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The Daily Wildcat

The Daily Wildcat

 

“Go, Gabby, go (at your own pace)”

It has been a little more than three months since the horrific events of Jan. 8, when a shooting at a “”Congress on Your Corner”” gathering left six dead and dozens wounded, including beloved Arizona Rep. Gabrielle Giffords.

And while the events of that day must still be terribly sharp in the minds of the victims and their loved ones, they seem to be rapidly fading from Tucson’s collective consciousness. Updates on the shooting victims and the trial of the alleged shooter, Jared Loughner, pepper local media occasionally, a far cry from the wall-to-wall coverage that dominated front pages for days after the shooting. Tucson seems to be moving on and, hopefully, gradually healing.

But one narrative thread in the ongoing story continues to capture the media and public’s imagination: Giffords’ remarkable recovery.

In a time when the news cycle seems perpetually dreary, reports of Giffords’ progress, which have been overwhelmingly positive almost from the get-go, give everyone who follows them something to cheer about. She has brave, talented doctors, a loving family, a dedicated staff and, as every Southern Arizonan knows, an indomitable spirit. And she’s getting better every day. It’s just the story we all need to get through the bad news pouring in from all other fronts.

But, as a recent story in Newsweek suggested, media coverage of Giffords’ recovery may be misleading the public about her future in the public sphere.

“”I can understand how somebody listening to us might say they expected her to show up and be normal,”” Dr. Dong Kim, one of the neurosurgeons who has worked with Giffords, told Newsweek. But, he cautioned, “”‘leaps and bounds’ means much faster recovery than the average patient from a similar type of thing.””

The doctors interviewed for the Newsweek article all stressed that those following Giffords’ progress from afar must remember the severity of the injuries Giffords sustained, and how profoundly such injuries might continue to affect her throughout her life. Many spoke about a “”new normal”” — the goal doctors set for their brain-damaged patients. Giffords’ new normal might not look anything like her old one, and her supporters need to be prepared to embrace whatever a new normal means.

Rather than focus on the reality of recovery from a severe head injury, much of the media and the political world has turned its attention to Giffords’ future in politics. Although she has no idea, she’s widely considered the Democratic frontrunner for Jon Kyl’s soon-to-be-vacant Senate seat. Speculation about when she’ll be well enough to return to politics has seemed endless, and has come from Giffords’ own staff as well as from the media. Fellow Democratic politicians spoke of Giffords as a “”formidable”” and even “”unbeatable”” Senate candidate in the Newsweek story.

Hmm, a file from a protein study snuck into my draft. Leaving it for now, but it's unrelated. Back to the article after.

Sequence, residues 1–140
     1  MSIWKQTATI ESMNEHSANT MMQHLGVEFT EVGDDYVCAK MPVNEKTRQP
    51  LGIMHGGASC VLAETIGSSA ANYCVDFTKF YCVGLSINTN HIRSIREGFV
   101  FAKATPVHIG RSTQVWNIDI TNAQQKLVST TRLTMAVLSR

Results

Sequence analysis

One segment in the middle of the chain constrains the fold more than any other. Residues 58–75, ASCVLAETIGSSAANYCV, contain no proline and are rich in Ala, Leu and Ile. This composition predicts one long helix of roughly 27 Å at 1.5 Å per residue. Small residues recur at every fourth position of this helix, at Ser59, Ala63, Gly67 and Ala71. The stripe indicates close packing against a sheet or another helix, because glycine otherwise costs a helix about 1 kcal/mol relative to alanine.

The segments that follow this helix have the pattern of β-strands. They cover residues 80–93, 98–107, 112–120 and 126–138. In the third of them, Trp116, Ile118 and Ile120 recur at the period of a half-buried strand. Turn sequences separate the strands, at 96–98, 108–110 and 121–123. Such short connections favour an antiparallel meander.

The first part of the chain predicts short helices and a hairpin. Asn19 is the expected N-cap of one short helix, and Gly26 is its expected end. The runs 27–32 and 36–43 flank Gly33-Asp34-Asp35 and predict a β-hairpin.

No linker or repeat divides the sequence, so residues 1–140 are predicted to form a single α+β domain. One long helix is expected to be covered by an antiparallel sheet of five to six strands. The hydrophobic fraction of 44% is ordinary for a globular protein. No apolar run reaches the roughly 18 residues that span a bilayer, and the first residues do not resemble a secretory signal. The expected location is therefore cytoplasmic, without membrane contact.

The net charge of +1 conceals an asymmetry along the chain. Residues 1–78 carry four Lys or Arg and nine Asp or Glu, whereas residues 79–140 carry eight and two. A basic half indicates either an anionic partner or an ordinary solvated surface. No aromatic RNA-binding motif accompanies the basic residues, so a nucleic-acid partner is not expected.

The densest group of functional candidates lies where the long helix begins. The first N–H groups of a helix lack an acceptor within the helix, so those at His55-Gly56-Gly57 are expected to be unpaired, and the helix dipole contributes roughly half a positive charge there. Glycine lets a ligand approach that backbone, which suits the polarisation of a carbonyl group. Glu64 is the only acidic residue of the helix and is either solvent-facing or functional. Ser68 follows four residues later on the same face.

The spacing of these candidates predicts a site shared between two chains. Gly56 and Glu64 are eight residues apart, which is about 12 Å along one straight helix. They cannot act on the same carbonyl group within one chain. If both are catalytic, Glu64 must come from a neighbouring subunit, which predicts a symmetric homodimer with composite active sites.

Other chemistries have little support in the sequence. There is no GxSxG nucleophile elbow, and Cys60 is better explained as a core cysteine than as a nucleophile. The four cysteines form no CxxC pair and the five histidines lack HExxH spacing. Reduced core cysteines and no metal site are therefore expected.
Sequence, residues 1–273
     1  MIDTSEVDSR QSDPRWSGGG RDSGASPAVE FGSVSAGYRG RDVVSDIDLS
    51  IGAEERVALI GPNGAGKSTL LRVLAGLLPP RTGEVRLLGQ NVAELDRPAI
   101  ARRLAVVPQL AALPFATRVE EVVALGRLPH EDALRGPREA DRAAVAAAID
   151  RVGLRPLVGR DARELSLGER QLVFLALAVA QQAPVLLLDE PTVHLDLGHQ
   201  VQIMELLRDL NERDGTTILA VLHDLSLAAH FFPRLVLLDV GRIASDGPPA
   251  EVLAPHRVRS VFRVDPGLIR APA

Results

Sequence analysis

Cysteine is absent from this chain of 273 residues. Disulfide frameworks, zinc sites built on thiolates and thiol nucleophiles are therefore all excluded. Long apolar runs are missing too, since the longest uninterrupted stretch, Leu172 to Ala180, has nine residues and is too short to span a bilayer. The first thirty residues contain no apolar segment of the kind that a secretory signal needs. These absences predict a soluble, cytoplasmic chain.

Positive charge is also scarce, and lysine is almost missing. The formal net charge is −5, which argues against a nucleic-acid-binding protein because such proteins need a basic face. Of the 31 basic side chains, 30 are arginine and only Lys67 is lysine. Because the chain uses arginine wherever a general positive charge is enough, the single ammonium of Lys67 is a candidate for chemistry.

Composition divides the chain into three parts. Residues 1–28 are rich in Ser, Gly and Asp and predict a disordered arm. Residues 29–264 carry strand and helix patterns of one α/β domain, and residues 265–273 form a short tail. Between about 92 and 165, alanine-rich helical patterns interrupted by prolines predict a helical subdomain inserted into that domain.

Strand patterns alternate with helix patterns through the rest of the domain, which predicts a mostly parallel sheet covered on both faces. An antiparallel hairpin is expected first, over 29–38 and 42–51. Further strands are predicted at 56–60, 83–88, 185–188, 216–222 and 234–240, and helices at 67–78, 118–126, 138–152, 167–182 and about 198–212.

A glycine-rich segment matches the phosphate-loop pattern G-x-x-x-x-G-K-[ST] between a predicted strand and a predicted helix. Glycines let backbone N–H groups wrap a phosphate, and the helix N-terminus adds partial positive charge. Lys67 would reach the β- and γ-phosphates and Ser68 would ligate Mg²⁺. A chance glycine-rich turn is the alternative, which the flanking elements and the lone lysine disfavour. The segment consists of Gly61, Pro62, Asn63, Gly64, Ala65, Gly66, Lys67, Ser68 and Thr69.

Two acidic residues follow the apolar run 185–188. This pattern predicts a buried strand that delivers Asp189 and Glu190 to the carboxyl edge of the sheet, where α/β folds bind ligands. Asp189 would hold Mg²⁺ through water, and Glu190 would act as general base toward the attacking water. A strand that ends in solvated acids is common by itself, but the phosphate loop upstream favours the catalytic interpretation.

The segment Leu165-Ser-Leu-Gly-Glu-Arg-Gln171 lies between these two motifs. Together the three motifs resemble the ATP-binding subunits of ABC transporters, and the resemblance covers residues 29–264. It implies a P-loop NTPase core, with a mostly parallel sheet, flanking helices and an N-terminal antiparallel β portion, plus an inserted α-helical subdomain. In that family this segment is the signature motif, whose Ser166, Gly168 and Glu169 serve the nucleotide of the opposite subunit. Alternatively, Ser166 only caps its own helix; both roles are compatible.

But we, the public and Giffords’ well-wishers, must leave the politicking up to the politicians and strategists. It’s tempting, especially for Arizona Democrats, to be excited for a Giffords Senate run. It’s understandable to hope she’ll someday be able to return to politics.

But if she is either unable or unwilling to make that transition, Giffords still deserves unswerving support. Focusing on her political future detracts from the purely human miracle of her recovery.

It has only been three months. And while Giffords has made wonderful progress, it’s important for the media to reign in its endless speculation and focus on just that: her progress. Not as a congresswoman or a potential senator, not as a pawn in Arizona’s political game, but as a person, a victim of violence and a fierce fighter. Whether Giffords runs for Kyl’s seat or slips quietly out of public life, she deserves the same amount of compassion and love.

For all I care, Giffords can spend the rest of her life underwater basket weaving, if that’s what she and her family decide is right for her. I’d be proud to call her my senator, but I’m equally proud just knowing she’s still out there, fighting bravely, no matter what her future holds.

 

 — Heather Price-Wright is the assistant arts editor for the Daily Wildcat. She can be reached at letters@wildcat.arizona.edu.

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